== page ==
Despite all of the question marks surrounding American Express's (NYSE:AXP) spend-centric business model, the company passed the Fed's stress test with flying colors.
Under the severely adverse scenario, American Express's tier 1 capital ratio would fall by less than one percentage point, substantially better than other credit card companies, and better than the median financial company, which would see its tier 1 capital ratio fall by 3.5 percentage points.
This paved the way for American Express to get approval to increase its quarterly dividend to $0.32 per share and repurchase up to $3.3 billion of stock over the next year.
American Express announced it expected to buy back up to $4.4 billion of stock in a plan that would include $1.7 billion of buybacks this quarter in addition to $1.7 billion of buybacks in the first half of 2017.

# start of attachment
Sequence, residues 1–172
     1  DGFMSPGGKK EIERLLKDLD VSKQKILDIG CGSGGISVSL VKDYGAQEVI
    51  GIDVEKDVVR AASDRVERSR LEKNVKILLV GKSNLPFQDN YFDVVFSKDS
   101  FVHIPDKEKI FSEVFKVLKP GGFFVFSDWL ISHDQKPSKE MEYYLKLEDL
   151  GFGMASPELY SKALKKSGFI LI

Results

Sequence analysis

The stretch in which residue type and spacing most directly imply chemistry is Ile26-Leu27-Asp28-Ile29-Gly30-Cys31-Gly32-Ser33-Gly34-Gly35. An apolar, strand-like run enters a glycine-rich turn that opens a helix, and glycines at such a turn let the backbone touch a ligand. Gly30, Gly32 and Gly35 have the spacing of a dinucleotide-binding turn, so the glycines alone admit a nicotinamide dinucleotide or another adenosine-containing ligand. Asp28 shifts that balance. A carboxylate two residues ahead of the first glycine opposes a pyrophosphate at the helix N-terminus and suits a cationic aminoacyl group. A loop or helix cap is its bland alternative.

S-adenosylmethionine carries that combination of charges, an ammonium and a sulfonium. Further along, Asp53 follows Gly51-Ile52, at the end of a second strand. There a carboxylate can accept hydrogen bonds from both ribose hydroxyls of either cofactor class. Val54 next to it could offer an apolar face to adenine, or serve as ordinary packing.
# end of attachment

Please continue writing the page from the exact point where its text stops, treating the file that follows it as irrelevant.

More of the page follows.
Reasons to be skeptical
Investors who are looking for a jolt in the share price on the back of the stress test results should take a second glance at American Express' historical record. Over the last 10 years, American Express has spent nearly $27.9 billion repurchasing shares, many of which were repurchased at significantly higher prices than today.
Shares trade for about 11 times its midpoint earnings per share guidance for 2016, certifiably cheap for a growing financial stock. But a growth stock this is not. Its 2016 guidance includes about $1 billion in one-time, pre-tax gains from the sale of its Costco loan book to Citi. Though the gain will help it paper over 2016 earnings, investors remain worried that American Express is losing some of its clout in payments and credit card lending.
A cautious bull might wonder if American Express's capital is better spent on marketing and customer rebates to attract new cardmembers rather than plowed into its shares, which AmEx has almost consistently seen as a bargain -- even at prices 50% higher than where it trades today.